They were supposed to be better. Much better. When it came to stopping the pass, the New England Patriots were supposed to have figured it out, or at least uncovered an answer or two.
Dead wrong. After another red "F" on a two-minute test, the Patriots secondary is as clueless as ever.
New England found itself in a tense Week 3 match-up with the Baltimore Ravens in its hands with 1:55 to go, a perfectly drawn-up do-or-die situation. The Ravens had the ball at the 21-yard line down 30-28, and if the Patriots wanted to win, they had to be tight. They had to lock down the Ravens receivers, and meet their biggest challenge of the season.
Instead, the secondary withered in quick and alarming fashion. The Patriots could not make a play, instead giving Baltimore one of its easiest drives of the season.
Joe Flacco found Jacoby Jones for 24 yards on the first play, two snaps before Flacco hit Dennis Pitta for 17. That was two plays before Kyle Arrington tripped over his own feet to deny himself a clear chance at an interception, and one play later, Devin McCourty, woefully outmatched by Jacoby Jones, grabbed the receiver on a lob pass and was flagged for pass interference.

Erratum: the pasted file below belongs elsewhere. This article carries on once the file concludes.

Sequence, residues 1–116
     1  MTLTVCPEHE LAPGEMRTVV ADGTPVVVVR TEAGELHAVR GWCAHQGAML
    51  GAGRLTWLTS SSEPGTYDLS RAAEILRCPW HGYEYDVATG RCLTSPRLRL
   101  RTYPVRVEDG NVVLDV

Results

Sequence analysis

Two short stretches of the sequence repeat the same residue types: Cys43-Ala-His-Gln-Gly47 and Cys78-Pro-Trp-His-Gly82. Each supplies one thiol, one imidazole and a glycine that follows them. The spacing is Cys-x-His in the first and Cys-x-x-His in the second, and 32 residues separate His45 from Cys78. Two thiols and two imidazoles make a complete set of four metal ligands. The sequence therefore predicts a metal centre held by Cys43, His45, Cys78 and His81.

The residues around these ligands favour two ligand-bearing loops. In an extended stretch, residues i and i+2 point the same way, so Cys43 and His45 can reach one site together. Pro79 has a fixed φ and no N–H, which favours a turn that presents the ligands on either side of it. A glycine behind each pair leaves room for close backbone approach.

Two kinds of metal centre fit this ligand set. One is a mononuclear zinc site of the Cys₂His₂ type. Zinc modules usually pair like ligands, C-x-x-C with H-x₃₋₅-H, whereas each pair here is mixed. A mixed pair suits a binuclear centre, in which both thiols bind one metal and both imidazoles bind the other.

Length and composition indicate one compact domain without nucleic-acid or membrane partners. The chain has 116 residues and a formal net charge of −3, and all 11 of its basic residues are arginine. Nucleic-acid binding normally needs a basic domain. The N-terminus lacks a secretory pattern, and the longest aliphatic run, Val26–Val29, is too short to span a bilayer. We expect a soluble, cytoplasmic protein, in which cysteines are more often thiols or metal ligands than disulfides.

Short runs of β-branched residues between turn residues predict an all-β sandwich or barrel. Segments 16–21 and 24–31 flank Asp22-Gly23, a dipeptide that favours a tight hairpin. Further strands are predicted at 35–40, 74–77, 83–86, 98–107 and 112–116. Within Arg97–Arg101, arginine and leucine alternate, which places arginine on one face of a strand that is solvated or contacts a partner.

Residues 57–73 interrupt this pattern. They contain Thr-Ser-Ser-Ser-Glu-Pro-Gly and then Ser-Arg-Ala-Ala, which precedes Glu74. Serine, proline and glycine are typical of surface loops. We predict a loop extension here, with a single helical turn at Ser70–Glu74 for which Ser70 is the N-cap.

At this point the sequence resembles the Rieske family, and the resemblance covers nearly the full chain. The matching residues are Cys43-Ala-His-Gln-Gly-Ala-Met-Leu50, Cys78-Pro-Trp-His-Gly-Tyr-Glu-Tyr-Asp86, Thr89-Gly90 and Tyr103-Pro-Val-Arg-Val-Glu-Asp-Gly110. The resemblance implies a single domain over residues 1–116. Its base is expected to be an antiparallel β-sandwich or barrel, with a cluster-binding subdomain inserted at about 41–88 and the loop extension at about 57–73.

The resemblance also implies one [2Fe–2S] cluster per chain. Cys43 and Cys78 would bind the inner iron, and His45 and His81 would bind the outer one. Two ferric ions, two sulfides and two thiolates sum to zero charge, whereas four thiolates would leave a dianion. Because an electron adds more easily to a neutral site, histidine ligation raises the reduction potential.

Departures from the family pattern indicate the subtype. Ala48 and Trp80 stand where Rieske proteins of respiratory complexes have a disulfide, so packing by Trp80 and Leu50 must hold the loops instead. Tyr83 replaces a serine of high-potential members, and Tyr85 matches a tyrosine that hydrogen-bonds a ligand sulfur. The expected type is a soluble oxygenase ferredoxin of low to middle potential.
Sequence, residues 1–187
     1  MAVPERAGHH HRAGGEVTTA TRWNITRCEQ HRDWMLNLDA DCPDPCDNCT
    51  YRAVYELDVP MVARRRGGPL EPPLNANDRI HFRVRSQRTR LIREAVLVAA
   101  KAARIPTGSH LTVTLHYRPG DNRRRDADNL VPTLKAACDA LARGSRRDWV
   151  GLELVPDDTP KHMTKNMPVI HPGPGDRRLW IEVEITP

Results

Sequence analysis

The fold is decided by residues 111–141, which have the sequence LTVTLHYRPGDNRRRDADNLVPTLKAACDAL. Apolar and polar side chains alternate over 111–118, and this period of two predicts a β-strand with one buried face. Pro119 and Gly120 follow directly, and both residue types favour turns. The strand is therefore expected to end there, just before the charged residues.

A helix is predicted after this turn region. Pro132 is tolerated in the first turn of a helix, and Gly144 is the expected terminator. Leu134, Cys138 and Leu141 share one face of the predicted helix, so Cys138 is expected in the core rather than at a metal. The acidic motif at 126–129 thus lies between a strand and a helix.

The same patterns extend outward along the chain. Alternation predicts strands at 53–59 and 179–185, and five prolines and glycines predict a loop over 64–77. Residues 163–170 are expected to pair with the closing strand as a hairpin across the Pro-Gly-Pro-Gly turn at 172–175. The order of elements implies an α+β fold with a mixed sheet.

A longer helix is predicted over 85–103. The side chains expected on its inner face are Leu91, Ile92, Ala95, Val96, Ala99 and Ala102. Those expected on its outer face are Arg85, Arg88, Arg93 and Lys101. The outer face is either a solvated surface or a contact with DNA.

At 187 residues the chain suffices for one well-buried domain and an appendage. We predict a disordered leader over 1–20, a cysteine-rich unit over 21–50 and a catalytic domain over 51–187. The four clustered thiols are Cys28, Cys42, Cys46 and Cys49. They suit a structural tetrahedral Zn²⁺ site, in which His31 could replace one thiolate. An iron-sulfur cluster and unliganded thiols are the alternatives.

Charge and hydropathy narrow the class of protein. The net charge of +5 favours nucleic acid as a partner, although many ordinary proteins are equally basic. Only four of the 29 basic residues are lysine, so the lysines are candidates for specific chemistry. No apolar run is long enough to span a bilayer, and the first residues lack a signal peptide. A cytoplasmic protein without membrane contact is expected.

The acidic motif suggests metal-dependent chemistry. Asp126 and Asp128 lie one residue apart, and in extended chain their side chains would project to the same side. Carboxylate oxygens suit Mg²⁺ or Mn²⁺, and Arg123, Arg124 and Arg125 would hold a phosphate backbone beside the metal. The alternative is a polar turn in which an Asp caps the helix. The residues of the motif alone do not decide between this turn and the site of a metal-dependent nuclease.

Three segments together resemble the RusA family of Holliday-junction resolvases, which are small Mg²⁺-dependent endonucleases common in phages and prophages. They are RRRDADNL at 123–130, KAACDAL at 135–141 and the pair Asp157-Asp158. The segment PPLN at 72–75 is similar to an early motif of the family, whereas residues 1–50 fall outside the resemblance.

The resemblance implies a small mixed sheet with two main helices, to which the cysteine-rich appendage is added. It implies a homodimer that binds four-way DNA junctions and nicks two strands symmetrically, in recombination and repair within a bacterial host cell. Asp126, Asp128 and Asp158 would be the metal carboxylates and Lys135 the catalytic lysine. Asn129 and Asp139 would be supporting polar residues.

That put the ball at the 7-yard line with more than a minute left. Ball game.
It was an incredibly disappointing result for this pass defense. The secondary, after all, was the unit that drafted safety Tavon Wilson in the second round, signed Steve Gregory in free agency and had 2011 second-round pick Ras-I Dowling coming back. It was also a group anticipating a return to form from Devin McCourty, and was aiming to begin a turnaround at a position that has been a black hole of late for New England.
Instead, this unit looked as bad as last year's, which gave up yards like a sieve. Flacco was content for much of the night to throw high lob passes to Jones or Torrey Smith, knowing his receiver would invariably jump up and catch it or get hauled down for a flag.
Either way, the Patriots corners, especially Arrington and McCourty, sure weren't making any plays last night.
The secondary's struggles added to what was already a miserable day for the pass rush. Flacco realized that he could still get the ball downfield without having to wait in the pocket, thanks to the success of his lofted passes. With less time to get to the quarterback, the Patriots often came up empty in their pursuit.
Nobody played well (Flacco completed 71.8 percent of his passes for 382 yards), but McCourty's struggles are the most concerning. The Patriots are relying on 2011 to have been a sophomore slump for the Rutgers product. There's no ready cover-up if he continues to struggle mightily in man coverage.
If last night is an indication, those issues aren't going away soon, and it may be time to accept that the heavily-flawed McCourty is the real one as well.
The Patriots weren't supposed to be amazing against the pass. Recoveries from being second-to-worst in the league take a while. But they were supposed to be better.
Three weeks in, it instead looks like more of the same.
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